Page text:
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To Your Health


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07/01/2009 - Howdy!

I apologize for no article last month; I developed writer's block so nothing sounded good to write about. So here I am 6:30 in the morning pounding the key board on an idea that was suggested to me. I took the idea and morphed it a little. It's entitled "Walking" but it's not about how good it is for you. Yes, walking is great exercise especially now that we have gotten some sun. Yes, it is good aerobic activity to bum off calories~ exercise your heart~ blah, blah, blah. No, what I want to discuss has to do with problems that walking can actually magnify, especially when one is walking at a pretty good clip. I recently had an influx of individuals who had started walking (or increased their mileage and/or pace) coming in with an array of problems. The first question I asked was "Does this only occur when you are out walking for exercise or does it occur anytime?" Most often the response was when exercising. The complaints were from feet, knees, hips, lower back, pain radiating into legs.

In evaluating the areas I found that there was some underlying problem that had been brewing and the increased level of activity magnified it. Kind of like heart problem -- you're out doing something and you note a little shortness of breath but you blow it off thinking it's just because you're out of shape. After the next strenuous activity you may be riding in ambulance with some plugged up artery.

So let's go over a few of these without being too wordy. If you have questions, write back to me -- then we can get wordy.

My feet hurt or they go numb while walking. This can be a combination of problems; if you wear cheap or worn out shoes (guys) they may not be supporting your arches properly creating adverse stress loads on the bones and ligaments. Also, you can develop a neuroma which is a tumor of a nerve that can be created from irritation of tissues such as between toes resulting in the body responding by forming this "tumor" and person complaining of numbness. Get good shoes and don't go cheap, have arches evaluated also.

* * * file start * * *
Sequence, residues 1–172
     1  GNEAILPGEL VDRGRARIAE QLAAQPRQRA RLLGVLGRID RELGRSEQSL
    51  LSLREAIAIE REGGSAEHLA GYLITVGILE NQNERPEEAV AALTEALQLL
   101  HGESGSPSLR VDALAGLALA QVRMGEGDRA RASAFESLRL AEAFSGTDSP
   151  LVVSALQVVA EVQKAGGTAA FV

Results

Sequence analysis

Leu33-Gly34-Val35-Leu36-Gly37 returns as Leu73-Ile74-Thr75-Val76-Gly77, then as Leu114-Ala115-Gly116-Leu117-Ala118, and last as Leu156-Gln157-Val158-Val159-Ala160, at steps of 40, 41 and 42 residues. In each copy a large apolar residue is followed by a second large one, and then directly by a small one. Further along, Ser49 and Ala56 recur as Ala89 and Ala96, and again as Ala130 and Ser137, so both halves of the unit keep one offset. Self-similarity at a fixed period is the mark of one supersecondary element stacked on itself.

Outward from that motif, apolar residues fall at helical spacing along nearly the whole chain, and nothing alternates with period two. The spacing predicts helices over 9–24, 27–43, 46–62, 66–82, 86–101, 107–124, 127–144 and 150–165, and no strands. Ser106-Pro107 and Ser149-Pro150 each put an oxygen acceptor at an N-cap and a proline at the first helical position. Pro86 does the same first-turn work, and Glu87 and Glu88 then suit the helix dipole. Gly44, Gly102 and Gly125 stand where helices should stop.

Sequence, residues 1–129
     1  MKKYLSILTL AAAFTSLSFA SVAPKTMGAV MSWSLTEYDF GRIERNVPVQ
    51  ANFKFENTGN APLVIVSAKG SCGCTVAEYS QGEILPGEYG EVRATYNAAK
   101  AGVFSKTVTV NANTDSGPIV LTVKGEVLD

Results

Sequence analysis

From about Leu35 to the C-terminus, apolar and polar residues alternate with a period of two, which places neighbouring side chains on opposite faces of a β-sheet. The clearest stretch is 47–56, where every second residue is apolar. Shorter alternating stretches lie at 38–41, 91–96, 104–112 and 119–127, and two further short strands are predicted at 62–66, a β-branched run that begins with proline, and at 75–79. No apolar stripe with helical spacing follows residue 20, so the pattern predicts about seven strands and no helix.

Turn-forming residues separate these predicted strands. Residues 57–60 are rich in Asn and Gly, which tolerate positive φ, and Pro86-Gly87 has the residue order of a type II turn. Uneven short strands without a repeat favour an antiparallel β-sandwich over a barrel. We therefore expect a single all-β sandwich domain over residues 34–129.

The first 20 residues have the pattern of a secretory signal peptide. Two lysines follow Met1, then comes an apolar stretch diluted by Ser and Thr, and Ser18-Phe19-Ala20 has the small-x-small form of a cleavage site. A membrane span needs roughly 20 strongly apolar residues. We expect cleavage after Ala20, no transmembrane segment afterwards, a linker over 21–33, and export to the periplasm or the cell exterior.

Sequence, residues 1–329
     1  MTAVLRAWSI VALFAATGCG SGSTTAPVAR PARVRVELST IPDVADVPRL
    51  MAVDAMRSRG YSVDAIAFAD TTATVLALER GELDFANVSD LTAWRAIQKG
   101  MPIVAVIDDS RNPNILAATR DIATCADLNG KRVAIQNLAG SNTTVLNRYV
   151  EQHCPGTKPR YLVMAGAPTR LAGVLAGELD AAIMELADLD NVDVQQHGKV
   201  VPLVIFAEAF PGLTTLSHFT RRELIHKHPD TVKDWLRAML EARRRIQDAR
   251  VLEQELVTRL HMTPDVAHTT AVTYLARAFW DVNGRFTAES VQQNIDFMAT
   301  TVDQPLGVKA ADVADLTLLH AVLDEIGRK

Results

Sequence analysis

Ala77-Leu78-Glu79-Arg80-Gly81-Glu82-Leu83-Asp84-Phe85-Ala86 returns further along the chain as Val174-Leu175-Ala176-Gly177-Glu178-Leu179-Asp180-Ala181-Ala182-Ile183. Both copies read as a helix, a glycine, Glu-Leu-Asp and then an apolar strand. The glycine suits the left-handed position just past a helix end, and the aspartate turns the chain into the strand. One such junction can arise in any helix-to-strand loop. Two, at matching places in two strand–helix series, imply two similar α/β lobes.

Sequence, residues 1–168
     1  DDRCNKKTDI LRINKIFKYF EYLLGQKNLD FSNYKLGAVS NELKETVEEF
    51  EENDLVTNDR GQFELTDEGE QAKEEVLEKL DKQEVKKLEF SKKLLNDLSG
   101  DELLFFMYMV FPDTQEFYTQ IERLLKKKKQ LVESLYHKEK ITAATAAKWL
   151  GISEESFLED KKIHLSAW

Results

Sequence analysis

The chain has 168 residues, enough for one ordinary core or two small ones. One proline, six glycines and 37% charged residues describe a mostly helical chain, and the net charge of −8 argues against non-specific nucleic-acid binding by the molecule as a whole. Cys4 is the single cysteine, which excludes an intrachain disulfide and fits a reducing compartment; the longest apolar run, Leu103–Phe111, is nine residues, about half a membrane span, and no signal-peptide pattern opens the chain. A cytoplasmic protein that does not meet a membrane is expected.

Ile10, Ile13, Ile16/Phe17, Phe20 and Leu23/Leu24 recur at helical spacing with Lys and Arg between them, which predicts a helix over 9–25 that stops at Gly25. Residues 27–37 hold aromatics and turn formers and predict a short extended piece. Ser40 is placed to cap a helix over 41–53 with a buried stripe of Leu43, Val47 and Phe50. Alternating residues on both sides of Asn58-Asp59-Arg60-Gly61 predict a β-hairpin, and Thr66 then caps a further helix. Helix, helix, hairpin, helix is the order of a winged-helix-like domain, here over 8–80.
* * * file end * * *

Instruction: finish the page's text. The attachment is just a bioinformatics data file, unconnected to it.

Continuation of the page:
Knee pain. This can also tie into the feet if a person has what we call "pronation" . It has been noted that the lower leg will rotate under tbe knee creating abnormal stress loads for the knee to deal with. Also above the knee, if a person has rotation of the pelvis it will affect your walking gait. Have your gait evaluated.

Hip pain. Again, this can be can be rotation of the pelvis, developing arthritis in the hip joint itself, or the possibility of a short leg, especially after hip replacement. I have seen a lot of that in older individuals. This can be hard to detect and you need to be evaluated properly for it.

Back pain. This can be associated with short leg, pelvic rotation, abnonnal weight bearing loads on the spine (some people actually walk crooked; this gets worse the faster they go), and arthritis in the spine. If you noted this problem happening when walking get it checked out.

In conclusion: Now I don't want to give you the impression that walking is bad for you and that it causes this stuff to happen. The majority of people don't have problems when they walk but if you do have some of these problems get them checked out so that you can continue walking because it is good for you.

Speaking of walking, I hope to be writing again in the fall and take a break for now, so take care. See ya!

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